It isn’t strange for a commuter in Metro Manila to spend four hours a day stuck in traffic travelling from home to work and back. It’s not as if people are travelling long distances for a single trip to run for two to three hours. These are trips of just 10 to 15 kilometers. There’s no such thing as rush hours anymore, as bumper-to-bumper conditions seem to be the norm around the clock.
World’s worst traffic
Traffic app Waze released their Global Driver Satisfaction Index
in 2015, and it cited the Philippines’ capital region as having the world’s worst traffic. The report, which is based on Waze’s data, factored in average commute times, distances, traffic, driver services, and road quality. Save for driver services, which pertains to the availability of gasoline stations and parking, Manila ranked poorly across the board.
Many believe this to be a culmination of factors which include poor driver discipline combined with a dismal enforcement of traffic laws, lack of mass transportation options, poor road quality, and a swelling population.
Metro Manila as an economic center has a daytime population of 15 million people. The metro’s aging train system is already pushed way passed capacity
. The MRT line tries to accommodate 500,000 riders with only a capacity of 350,000. A Japanese study in 2012 estimated that the nation is losing PHP 2 billion (US$ 42.8M) daily
because of traffic. Officials now estimate that it has ballooned to PHP 3 billion
(US$ 64.2M) today.
Tech solutions are available …
Those with smartphones and mobile data can use apps like Waze
to help navigate through traffic jams. The app tracks GPS data from its users to provide real-time information on the speed of traffic flow along a user’s route. Users can also report things like potholes, accidents, road blocks, and police visibility to inform others of road conditions.
Ride-sharing apps like Uber
also give commuters alternatives to available public transportation. Filipinos can ride jeepneys, buses, cabs, and light rail, none of which are really linked or coordinated. Uber and Grab users believe that ride-shares are safer and more convenient than riding cramped public transports. These also help improve utilization of an otherwise under-performing resource–meaning several users sharing a car can theoretically reduce the number of cars plying the streets, as with the case of UberPool.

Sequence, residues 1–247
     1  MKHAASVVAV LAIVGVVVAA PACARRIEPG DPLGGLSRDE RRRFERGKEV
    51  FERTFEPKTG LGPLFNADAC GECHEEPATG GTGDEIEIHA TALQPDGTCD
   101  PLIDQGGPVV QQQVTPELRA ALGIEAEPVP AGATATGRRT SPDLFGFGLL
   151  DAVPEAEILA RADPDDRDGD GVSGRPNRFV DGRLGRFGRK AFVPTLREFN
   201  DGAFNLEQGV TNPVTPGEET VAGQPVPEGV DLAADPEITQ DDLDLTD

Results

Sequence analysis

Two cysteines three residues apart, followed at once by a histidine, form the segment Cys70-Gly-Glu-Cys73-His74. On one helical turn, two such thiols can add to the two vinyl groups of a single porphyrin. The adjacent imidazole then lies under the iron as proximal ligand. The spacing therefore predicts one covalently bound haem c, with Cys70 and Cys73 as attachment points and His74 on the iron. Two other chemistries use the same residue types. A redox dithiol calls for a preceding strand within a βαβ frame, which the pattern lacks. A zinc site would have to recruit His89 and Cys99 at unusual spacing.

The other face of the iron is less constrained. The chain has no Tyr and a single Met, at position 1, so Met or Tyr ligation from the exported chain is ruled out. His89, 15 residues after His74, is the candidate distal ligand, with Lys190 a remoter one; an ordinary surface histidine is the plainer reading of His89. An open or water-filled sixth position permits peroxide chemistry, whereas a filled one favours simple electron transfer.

Government agencies have also pushed for the installation CCTV cameras along major thoroughfares in order to monitor traffic flow and record erring motorists, in lieu of apprehending traffic violators on the spot, which can further worsen the traffic flow. There are also calls for making dashboard cameras mandatory on all vehicles and GPS trackers on public utility vehicles, in order to help promote driver discipline through surveillance and monitoring.
But not enough
These technology solutions do provide a bit of respite for drivers and commuters who can afford access. Waze aims to help drivers but, if even side streets are packed, the app’s alternative routes may not be as helpful as they were intended to be. Uber and Grab provide rider comfort, but critics also blame the proliferation of brand new vehicles acquired just for the purpose of ride-sharing as unnecessary additions to the volume of vehicles on the road.
Surveillance techniques seem to tap paranoia as a factor for drivers to be more disciplined on the road. Facebook pages have already been devoted to dashboard camera feeds aimed to shame violators. This culture of shaming, however, can be ethically debatable. Options such as driver education and appeals to shared responsibility are more ideal ways to inspire courtesy.
Urban planning and social engineering are still crucial
Technology solutions provide some relief, but this is like treating the symptoms of a disease. Solving traffic problems in a big metropolis like Metro Manila will require widespread reforms.
A great part of the problem is the sheer number of people in the metro. Decongesting Metro Manila–and other crowded cities–not only means widening the roads. The region houses the key business districts and these draw workers from the nearby provinces. Developing other places into economic hubs would encourage more people to stay put rather than go to just one city for work. However, this means developing infrastructure and stimulating entrepreneurship and investment even across the countryside.
The volume of vehicles plying the roads also need to be lessened. A growing economy also has its drawbacks, as more people are now empowered to purchase their own vehicles. Vehicle sales grew 23%
in 2015. Many of these buyers are inspired by the idea that owning and driving your own vehicle is safer and more convenient than public transport. To combat this thinking, the government should eye a better public transport system of buses and trains and orderly pick-up and drop-off points. In addition, public works can aim to make roads more friendly to cyclists and pedestrians.
To address driver discipline, campaigns should be made to tighten the process of acquiring a license. Many drivers are still able to get licenses despite not really knowing defensive driving measures, road etiquette, and traffic laws. Campaigns to inspire sharing of the road and self-imposed discipline should also encourage the public to be better road users.
Developments in infrastructure are medium to longer-term solutions. Meanwhile, for the short-term, the conveniences provided by technology are very much welcome. In the end, real solutions are really systemic, and it is key for citizens to develop a shared sense of responsibility in order for nations to truly gain progress.